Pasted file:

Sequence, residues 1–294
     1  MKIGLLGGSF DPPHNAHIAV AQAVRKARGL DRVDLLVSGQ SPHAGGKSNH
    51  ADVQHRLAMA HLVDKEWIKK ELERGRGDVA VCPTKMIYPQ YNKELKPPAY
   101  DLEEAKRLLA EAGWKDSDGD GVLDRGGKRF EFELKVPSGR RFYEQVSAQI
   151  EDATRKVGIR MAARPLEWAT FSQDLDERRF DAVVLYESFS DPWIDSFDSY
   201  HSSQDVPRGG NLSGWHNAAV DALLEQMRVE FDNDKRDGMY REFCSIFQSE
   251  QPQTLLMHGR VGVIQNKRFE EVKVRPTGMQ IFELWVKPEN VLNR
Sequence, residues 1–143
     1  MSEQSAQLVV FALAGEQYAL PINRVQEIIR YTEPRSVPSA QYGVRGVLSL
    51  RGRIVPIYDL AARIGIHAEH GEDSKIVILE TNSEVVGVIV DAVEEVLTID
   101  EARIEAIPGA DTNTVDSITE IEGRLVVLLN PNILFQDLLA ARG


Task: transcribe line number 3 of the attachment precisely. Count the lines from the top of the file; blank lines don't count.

    51  ADVQHRLAMA HLVDKEWIKK ELERGRGDVA VCPTKMIYPQ YNKELKPPAY